Communication is as essential as air. And as organic beings, we have this impulse to talk or write or gesture, due to the fact that “no man is an island” (unless you are Tom Hanks living on one with a volleyball for a best friend).
Moreover, human ingenuity has created ways in which we can surmount the geographic boundaries that challenge B2B telemarketers from achieving a closed sale. We have telephones now, and that’s a good thing.
But still, as much as we want to praise such innovations, we are still confronted by the psychology involved in making a done deal with a client.
Fortunately, here are some basic telemarketing ground rules to guide you before you go on a warm call campaign.
Show respect; Earn respect. Telemarketers are one of many groups subject to jokes at the office water cooler or the local watering hole. The fact that they are “annoying” or at times “needy” have prompted many prospects to simply hang up, say “I don’t have time for this,” or make wise cracks just for the hell of it. It may sound rather discouraging to aspiring sales reps, but really, the problem is more in the approach. Aggressiveness is a driving force for success. But if you take it to the extreme, it can only be misconstrued as annoying. Thus, always think of your clients as busy people who have a lot of time in their hands, and they may think of you with high esteem.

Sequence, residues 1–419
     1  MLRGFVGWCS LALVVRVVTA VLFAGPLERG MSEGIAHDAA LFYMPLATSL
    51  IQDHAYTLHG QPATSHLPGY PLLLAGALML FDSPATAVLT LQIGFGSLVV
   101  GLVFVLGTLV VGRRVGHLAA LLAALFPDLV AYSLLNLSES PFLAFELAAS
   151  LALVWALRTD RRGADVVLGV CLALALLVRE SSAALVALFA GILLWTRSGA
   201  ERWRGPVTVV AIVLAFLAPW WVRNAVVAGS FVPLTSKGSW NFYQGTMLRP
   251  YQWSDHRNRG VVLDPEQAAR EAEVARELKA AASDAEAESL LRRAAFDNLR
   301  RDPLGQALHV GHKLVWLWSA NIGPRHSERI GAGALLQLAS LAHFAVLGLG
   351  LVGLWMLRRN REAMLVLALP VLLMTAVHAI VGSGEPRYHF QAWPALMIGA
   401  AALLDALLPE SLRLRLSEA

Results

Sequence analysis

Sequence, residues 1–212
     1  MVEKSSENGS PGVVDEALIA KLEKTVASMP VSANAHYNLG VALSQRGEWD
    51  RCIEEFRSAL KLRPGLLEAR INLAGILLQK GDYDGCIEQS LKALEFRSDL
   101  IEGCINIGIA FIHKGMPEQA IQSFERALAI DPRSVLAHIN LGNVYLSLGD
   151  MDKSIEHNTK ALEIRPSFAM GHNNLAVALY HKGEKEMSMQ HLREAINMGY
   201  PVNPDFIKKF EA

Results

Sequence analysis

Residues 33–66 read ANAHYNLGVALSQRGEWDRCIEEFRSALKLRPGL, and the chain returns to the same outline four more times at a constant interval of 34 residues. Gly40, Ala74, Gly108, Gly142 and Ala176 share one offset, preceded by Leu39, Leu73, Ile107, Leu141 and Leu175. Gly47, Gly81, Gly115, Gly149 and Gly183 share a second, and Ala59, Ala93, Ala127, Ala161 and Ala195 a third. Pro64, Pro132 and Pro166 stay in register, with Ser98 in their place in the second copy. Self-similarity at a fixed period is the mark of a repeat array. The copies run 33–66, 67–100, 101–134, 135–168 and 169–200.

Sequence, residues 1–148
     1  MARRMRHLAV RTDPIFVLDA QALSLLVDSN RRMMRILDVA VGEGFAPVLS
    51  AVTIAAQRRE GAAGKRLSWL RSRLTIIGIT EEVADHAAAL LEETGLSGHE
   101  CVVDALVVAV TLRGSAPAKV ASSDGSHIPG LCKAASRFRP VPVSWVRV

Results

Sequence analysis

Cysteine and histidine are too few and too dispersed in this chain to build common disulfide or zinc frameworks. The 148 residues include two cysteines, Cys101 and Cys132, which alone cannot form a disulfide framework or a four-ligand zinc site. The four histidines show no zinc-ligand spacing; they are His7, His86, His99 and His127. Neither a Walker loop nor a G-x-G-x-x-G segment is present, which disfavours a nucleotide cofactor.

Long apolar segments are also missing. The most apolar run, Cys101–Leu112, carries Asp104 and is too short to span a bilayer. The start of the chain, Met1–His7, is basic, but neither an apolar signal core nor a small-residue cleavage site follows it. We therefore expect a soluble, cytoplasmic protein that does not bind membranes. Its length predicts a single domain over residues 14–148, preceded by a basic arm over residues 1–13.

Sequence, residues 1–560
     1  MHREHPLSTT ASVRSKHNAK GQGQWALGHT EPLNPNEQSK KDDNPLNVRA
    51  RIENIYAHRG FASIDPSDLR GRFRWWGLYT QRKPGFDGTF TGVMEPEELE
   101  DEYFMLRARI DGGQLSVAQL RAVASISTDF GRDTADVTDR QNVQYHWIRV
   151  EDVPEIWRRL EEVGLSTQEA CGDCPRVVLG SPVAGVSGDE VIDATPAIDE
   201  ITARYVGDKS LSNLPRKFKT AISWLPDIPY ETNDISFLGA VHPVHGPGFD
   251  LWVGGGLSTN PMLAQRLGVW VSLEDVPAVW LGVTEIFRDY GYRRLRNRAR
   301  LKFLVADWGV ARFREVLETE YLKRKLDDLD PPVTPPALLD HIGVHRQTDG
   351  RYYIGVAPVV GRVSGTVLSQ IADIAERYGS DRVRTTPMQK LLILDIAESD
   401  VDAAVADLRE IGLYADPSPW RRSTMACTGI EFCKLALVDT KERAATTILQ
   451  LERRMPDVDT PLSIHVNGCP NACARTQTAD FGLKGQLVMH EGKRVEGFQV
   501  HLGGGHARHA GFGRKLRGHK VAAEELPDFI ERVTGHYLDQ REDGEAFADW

Be cordial. This could be listed under the previous item, but we should examine it as an independent fact. Being polite is the same as being professional. You want to be decent because you want your customers to know that you are not a typical B2B salesperson. As a matter of fact, you are talking to your client as a provider of solutions, whether the issues involve customer relations management or IT products for shipping companies.
Be clear and concise. There is a thin film separating annoyance and an actual purchase. And it would take a wrong choice of words to puncture through that film and lose a potential buyer. Telemarketers are supposed to be masters of the spoken word. Whether you are reading through a call script or invoking the powers of spontaneous sales speak, you should be able to talk about your company’s offers clearly and reasonable without striking a mental chord.
There are perhaps many more tips where these three came from, but these would suffice to give you that edge to in making communication work between buyer and seller.